Multi-axis turbines?

02.17.07 | 1 Comment

Traditional wind systems have had either a horizontal axis with a single blade (95+% of what is in use today) or vertical axis with a single blade (think large egg beater anchored to the ground.) A company called Mass Megawatts Wind Power Inc. is advancing the application of multi-axis vertical turbines, that is many blades mounted vertically in a box-like array around 20 meters off the ground.

The thinking behind this technology is that with more smaller blades, lower wind speeds will be able to output power than in traditional horizontal turbine systems. The design has two generator modes, one 7.5 kilowatt that cuts in at under 4.5 meter/second (~10mph) and another 22.5 kilowatt that cuts in at 6.25 meters/second (~14 mph.) Each unit has 32 generators attached to 32 shafts with blades. That means in a 6 m/s wind, 100% output would be around 864 kilowatts/hour and in a 8 m/s wind, 100% output would be 2,592 kilowatts hour. The image above is a smaller prototype system.

Wind systems rarely operate at 100% capacity, in fact, the average capacity factor is 30% across the installed wind farms. If we take this into account, the MAT system would produce somewhere between 2,267 and 6,811 megawatt hours per year depending upon which generator has the dominant share of time in action. At the prevaling wind rate of $45/MWh, that gives a revenue spread per unit per year of $101,015 on the low end to $306,495 on the high end. The acquisition and construction cost of each unit is estimated (by Mass Megawatts) to be $210,000 per unit. If the MAT unit performs as above and maintenance costs don’t kill it, it might be economically viable.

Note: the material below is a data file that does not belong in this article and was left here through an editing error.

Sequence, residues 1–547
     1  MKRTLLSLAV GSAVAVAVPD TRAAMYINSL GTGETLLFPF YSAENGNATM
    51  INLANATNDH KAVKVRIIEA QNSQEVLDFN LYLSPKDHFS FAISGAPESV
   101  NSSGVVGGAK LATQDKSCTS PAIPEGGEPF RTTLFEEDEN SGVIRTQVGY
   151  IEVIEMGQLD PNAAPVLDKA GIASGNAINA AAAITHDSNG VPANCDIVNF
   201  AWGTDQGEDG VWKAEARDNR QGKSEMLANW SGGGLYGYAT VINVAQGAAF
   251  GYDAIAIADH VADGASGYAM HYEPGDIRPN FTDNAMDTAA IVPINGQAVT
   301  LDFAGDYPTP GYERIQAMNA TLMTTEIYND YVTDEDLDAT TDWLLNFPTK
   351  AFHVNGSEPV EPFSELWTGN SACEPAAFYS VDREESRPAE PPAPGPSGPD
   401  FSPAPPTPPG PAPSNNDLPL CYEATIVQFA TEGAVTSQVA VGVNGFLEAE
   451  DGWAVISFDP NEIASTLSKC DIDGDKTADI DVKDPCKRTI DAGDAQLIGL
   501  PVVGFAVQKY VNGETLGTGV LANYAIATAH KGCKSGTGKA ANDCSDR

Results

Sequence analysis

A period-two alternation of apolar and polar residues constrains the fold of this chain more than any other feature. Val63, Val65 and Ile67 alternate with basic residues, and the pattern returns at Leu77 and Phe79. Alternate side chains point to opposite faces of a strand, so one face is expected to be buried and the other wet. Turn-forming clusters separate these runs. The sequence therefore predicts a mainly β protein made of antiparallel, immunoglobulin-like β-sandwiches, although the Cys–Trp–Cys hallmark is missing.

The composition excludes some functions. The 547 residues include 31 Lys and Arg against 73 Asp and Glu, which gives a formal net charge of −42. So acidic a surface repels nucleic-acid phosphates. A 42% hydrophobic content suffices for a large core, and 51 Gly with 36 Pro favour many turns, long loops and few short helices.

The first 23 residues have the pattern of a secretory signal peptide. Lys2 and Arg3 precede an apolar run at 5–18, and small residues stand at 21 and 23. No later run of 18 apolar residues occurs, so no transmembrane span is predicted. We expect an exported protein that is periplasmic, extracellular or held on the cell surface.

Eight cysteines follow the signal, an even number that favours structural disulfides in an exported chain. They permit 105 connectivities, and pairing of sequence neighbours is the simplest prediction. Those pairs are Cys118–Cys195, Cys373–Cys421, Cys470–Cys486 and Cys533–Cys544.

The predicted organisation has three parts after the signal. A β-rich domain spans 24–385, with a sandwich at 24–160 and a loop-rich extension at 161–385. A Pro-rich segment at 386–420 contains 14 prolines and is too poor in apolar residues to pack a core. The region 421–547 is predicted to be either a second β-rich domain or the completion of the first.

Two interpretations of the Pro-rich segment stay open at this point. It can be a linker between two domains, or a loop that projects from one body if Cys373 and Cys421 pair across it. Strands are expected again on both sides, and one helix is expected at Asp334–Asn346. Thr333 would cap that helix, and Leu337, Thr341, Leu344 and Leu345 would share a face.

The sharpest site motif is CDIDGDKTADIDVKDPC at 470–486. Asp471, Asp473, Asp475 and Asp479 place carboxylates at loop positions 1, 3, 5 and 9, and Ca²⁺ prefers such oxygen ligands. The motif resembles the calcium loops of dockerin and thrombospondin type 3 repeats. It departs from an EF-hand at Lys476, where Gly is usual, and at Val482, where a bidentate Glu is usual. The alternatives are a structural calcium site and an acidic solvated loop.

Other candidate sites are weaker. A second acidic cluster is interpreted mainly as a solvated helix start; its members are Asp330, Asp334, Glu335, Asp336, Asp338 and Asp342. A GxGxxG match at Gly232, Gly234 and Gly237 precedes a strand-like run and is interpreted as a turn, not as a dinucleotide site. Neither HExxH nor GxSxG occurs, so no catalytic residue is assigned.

The science of harvesting kinetic energy from the wind is pretty straight forward, the density of the air moving through the swept area of the turbine at some speed dictates how much energy can be harvested. The formula is: Power = 0.5 x Swept Area x Air Density x Velocity3. Without accurate measurements of the blades on the MAT we can’t make the calculation, but at first blush, the swept area doesn’t look sufficient to produce the stated power levels. This is physics, the equation has to solve so if the area is smaller, then the velocity has to increase and/or air density has to increase.

The other claim made by the MAT folks is that the maintenance costs are lower. I’m high skeptical of this as basic physics dictates the more moving parts an object has, the more opportunities for things to break. In a traditional horizontal turbine there is one blade assembly, one gearbox, one turbine etc you get the picture. On the MAT, there are 32 turbines, 32 shafts, who knows how many blades; it’s at least 32x more likely to experience failure in a given time frame. Now, with the horizontal turbine, a failure tends to be complete. In a MAT, that’s not necessarily so, if 1 shaft/generator/blade combo goes, theorhetically, the other 31 are still in business.

I’m all for experimentation and open minded that breakthroughs can and do happen, but I don’t think we’re seeing one here. A part of me hopes that there is something to this, but the evidence seems to suggest that this design introduces more problems than it solves. We’ll see as Mass Megawatts installs their wind farm, the business plan calls for 100 units to be installed this calendar year. Proof will be in production and we’ll be able to see that as a result of their quarterly reports. We’ll be watching with interest.

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